Peptides are an active ingredient found in many skincare products, particularly anti-ageing creams. They have been shown to revitalise skin and make it stronger and more resilient. They can also be used in supplements, such as collagen peptides which have been linked to improved strength and muscle growth. However, it is important to note that there is limited research to prove these claims and that supplements should always be taken with caution. In addition, it is important to talk to your doctor before taking any supplements as they are not regulated by the same authorities as medications.
The DPRA (OECD 442C) is an in chemico test that models the first key event of the skin sensitization Adverse Outcome Pathway – chemical reactivity with proteins. It is based on the reactivity of compounds that are suspected to cause contact dermatitis with proteins present in epidermal cells. The reactivity is determined by measuring the depletion of an artificial peptide, containing the nucleophilic amino acid residues lysine and cysteine, from the surface of epidermal cells after covalent binding to the test substance. This is achieved by high-performance liquid chromatography with UV detection. The DPRA assay is available for the testing of discreet chemicals, chemicals formulations and cosmetic ingredients under Good Laboratory Practices (GLP).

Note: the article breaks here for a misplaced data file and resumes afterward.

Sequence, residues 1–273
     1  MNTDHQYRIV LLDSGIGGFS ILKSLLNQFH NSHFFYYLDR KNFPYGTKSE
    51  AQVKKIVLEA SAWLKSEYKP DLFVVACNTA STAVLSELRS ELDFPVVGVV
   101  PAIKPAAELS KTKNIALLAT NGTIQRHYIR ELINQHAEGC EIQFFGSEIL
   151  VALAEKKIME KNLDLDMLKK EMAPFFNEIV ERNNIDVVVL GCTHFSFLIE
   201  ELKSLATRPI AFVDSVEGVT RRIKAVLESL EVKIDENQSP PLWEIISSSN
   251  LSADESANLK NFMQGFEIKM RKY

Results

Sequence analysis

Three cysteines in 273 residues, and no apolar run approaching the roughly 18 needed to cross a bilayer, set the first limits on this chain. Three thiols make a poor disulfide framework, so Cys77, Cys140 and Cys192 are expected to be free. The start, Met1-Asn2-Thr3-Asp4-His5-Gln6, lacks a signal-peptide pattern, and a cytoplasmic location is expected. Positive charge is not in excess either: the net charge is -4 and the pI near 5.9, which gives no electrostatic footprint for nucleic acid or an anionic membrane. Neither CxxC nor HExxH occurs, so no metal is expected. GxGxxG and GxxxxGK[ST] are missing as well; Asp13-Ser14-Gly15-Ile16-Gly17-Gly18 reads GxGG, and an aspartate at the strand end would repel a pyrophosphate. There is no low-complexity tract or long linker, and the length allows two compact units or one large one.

It is well established that the development of a skin rash is directly linked to the ability of a chemical to interact with epidermal proteins in the affected area. It is therefore not surprising that this type of interaction is referred to as the molecular initiating event of the allergic skin sensitization pathway. Several in vitro methods model this step, but few address the evaluation of the sensitizer potency and the determination of the molecular mechanism involved.
The kDPRA, a modification of the OECD 442C test method developed by IIVS, addresses these limitations and has been demonstrated to be highly reproducible. The kDPRA is a sensitive and accurate method for the rapid screening of chemicals, chemical formulations and cosmetic ingredients for their ability to react with epidermal proteins. The kDPRA is performed under GLP conditions using high-performance liquid chromatography with UV measurement and is a reliable and robust method for the identification of compounds with potential to form reactive haptens.
The kDPRA can be used in conjunction with other tests to provide an early and comprehensive picture of the allergenic potential of a material. It can be combined with a number of other testing techniques such as protein fingerprinting and the in-gel mass spectrometric identification of peptides. It is also a useful tool for the analysis of biological samples. direct peptides